Our Vision Statement:
Manly Matters seeks to move the focus of pictorial analysis to representations of maleness—both spectacular and mundane—as it proliferates in South Asian popular visual practice, especially in printed images produced for the mass market. At first blush, it may seem regressive to attend to men, given that they have been the very stuff of our scholarship for many decades as feminist critiques have so valuably demonstrated. It is however the case that in the scholarship on South Asian visual culture over the past two decades, with the possible exception of cinema studies, little or no attention has been paid to masculinity as problematic or presence, the category of “gender” frequently being read entirely as “female” and as “woman.”1 Consequently, the male qua male has been taken as a given, glossed over as gendered subject, and hence paradoxically rendered invisible, even while being everywhere and across various media. There is indeed “a curious timidity when it comes to male images” that is widespread in the study of South Asian visual culture.2 As Todd Reeser writes in a recent assessment of the state of masculinity studies more generally, “One of the recurring features of masculinity—as opposed to femininity—is that men go to great pain to hide it and, by extension to hide the way that it functions and operates. Hiding can allow masculinity to function without challenge or question.”3 This project pushes back against such attempts at “hiding.” Overcoming our customary “timidity,” we call to place men on full display and at the center of our visual analysis, as we consider a range of activities with which men are typically associated—like farming or soldiering— but also those that might surprise us and that challenge our normative assumptions, such as picnicking or child-rearing. In so doing, we denaturalize assumptions about how men display themselves and are displayed in pictorial regimes, and destabilize prevailing stereotypes about manliness and masculinity more generally. We also push back against an easy, even universal, binary which associates the man with mind and the woman with her body, especially so in studies of visual culture and practices of the region. In contrast, we seek to bring the male body back in as a primary object of pictorial concern, and our visual attention.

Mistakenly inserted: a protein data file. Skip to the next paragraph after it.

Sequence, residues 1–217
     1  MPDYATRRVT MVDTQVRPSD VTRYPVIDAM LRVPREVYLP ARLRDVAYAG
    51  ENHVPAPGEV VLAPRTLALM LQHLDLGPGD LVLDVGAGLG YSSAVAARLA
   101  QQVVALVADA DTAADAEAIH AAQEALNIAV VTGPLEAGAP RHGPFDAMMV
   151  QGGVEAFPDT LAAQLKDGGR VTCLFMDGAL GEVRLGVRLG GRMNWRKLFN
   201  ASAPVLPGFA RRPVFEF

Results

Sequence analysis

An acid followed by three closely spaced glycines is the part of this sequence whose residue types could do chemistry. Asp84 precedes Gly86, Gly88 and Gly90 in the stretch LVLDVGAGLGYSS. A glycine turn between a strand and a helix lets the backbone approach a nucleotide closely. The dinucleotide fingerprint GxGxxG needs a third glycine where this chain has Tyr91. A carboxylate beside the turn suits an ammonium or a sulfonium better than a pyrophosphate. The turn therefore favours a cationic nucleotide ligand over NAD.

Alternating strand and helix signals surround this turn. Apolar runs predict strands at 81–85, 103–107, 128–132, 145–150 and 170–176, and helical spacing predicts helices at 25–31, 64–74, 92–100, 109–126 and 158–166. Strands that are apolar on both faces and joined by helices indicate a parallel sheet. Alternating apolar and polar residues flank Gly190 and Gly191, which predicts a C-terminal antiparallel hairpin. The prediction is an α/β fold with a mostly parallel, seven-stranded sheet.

There is no single—or singular—way in which men “look” in modern South Asia. All the same, we are keen to consider if certain somatic markers—such as the moustache, to invoke one instance—or activities or livelihoods are paradigmatically distinctive within the range of masculinities that circulate, including the feminized masculine, in the South Asian modern. Masculinity is intuitively associated with muscular power and virile strength, but are there are also contexts in which men appear vulnerable and fragile? Beauty has generally been associated with the female figure, but have artists across the region also attempted to produce the beautiful male form, and if so, what is the male beau ideal and how does it change over time and across ideologies? Not least, we ask which sectors of society are invested in producing a particular masculine ideal, and who is looking at men as they put themselves on display or are displayed, sartorially and somatically? How indeed have men engaged with images about themselves, as Kajri Jain asks to consider?4